Newfoundland Pony

Music: M-L Hammond/Tom Leighton Lyrics: M-L Hammond

This song is set in early 70s, not long after laws were passed, declaring that the ponies, which had roamed and grazed free until then, had to be fenced in, along with other livestock. This meant more expense and labour.  At the same time, increasing mechanization of farming and other work meant that the ponies were sold off by the thousands, mostly to be slaughtered for meat. As a result the breed is severely endangered, with fewer than 400 in existence as of 2012.

Diddle-ee dye-di dum, diddle-ee dye-di day
we were born on the Rock, of hardy stock, and the Rock is where we’ll stay
with the cliffs and trees and the foggy seas, diddle-ee dye-di dee
oh, together we’re grand, my Newfoundland pony and me

My pony he’s descended from more breeds than I can tell
like the Highland, Welsh, and Exmoor, the Dartmoor and the Fell
that came here with the settlers for to work this rugged place
and now their blood has joined to form a new and sturdy race


May Day (photo:Veronica Arend)                                                                                        

My Prince he stands about 13 hands, he’s a handsome brackety* grey
and when I hitch him to the plough he’ll pull and pull all day
We’ve hauled logs from out of the woods and kelp on the beaches too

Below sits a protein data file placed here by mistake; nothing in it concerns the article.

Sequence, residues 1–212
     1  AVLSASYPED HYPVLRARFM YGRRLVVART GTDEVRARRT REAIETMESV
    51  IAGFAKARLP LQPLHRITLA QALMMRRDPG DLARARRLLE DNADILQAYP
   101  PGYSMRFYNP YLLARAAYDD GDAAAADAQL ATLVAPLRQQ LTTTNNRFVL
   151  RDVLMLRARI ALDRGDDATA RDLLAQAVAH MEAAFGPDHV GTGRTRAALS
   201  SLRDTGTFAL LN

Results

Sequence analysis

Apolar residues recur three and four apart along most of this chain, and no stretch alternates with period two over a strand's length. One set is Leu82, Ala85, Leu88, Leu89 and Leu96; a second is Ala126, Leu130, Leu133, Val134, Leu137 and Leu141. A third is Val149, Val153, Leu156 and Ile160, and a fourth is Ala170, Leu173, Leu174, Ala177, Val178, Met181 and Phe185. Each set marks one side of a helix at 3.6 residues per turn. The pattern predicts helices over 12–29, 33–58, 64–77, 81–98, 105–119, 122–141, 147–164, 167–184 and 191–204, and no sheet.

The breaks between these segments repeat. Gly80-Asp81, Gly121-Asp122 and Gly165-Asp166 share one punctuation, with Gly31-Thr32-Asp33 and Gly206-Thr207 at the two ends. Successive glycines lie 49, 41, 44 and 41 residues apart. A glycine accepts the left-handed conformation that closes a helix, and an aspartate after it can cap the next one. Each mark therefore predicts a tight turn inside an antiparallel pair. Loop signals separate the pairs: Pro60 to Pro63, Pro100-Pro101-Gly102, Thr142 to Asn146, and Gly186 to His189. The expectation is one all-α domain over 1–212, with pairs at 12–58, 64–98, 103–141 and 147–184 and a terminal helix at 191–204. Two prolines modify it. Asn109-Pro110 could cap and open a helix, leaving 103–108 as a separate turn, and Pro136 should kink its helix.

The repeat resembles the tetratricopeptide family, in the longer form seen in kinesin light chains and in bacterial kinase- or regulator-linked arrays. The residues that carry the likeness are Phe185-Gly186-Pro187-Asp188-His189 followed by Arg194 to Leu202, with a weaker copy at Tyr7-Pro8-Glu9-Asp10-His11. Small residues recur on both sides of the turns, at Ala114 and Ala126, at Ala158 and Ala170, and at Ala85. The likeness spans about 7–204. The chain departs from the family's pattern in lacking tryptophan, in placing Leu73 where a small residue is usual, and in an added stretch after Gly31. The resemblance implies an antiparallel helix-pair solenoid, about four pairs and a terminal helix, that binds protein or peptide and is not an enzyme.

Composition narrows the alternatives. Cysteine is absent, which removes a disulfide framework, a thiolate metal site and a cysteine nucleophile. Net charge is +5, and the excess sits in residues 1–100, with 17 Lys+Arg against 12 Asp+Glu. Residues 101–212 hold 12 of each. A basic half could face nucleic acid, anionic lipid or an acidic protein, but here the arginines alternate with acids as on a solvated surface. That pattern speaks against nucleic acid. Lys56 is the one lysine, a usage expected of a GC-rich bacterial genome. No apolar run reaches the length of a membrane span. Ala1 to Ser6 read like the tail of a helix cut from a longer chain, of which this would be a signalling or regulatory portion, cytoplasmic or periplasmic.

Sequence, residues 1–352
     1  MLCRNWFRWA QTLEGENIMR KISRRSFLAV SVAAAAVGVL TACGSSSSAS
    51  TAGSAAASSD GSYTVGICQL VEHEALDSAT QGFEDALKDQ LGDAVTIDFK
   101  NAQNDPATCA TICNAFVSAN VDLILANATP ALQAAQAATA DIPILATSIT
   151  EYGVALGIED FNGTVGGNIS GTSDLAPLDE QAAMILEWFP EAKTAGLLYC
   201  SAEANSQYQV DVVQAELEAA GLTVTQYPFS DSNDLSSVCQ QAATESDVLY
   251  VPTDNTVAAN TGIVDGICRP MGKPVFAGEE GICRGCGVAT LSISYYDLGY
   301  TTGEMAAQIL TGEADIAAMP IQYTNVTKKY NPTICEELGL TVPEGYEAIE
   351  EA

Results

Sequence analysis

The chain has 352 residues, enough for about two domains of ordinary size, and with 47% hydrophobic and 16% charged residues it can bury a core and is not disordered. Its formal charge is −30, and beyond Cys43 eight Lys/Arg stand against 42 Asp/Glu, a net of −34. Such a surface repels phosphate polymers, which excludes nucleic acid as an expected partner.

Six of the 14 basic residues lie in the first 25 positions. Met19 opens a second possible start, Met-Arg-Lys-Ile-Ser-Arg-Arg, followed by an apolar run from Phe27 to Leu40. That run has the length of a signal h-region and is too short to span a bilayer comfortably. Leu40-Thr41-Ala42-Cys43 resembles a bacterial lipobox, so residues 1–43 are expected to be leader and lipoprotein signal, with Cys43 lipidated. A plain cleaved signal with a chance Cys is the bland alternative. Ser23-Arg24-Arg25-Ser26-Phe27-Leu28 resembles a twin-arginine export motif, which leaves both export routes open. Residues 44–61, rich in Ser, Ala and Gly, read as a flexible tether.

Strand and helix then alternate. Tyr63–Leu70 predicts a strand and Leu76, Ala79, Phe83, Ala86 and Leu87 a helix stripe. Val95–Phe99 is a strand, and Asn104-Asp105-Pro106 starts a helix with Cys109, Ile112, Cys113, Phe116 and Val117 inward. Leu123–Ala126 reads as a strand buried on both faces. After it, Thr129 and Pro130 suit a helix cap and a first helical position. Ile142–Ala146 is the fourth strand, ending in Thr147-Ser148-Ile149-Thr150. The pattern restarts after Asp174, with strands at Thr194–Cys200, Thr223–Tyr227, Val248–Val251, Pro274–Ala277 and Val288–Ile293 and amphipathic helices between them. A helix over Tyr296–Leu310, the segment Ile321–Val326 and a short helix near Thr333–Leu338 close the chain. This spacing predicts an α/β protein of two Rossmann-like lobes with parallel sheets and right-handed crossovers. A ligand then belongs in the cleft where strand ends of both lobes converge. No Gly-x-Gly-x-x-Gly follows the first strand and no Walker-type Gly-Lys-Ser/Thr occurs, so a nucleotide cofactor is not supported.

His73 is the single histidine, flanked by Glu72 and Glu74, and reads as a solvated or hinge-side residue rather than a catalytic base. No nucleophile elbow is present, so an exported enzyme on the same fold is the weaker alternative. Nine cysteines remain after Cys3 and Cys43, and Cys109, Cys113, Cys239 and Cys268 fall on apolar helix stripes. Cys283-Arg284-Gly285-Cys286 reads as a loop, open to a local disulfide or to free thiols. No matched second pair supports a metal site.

His heart’s as big as Conception Bay, there’s nothing he won’t do!


He’ll pick his way on a rocky ledge and never slip or fail
and when I’ve had a drop or two, he’ll keep me on the trail
he’ll take my boy to school at eight and come back on his own,
and then we’ll send him out at three and he brings the laddie home

Our ponies used to roam at large and graze along the way
but now the law says fence them in and pay for feed and hay
So folks are buying tractors now while the ponies disappear
But I swear by the moon and the snows in June, old Prince he’s staying here!


* brackety: Newfoundland dialect for spotted, dappled

Special thanks to Paul Aird for inspiring me to write this song and for letting me borrow the line about pulling the plough all day from his poem about the Newfoundland Pony; and also to Bob Bossin for letting me borrow “I swear by the moon and the snows in June” from his song “Newfoundlanders.”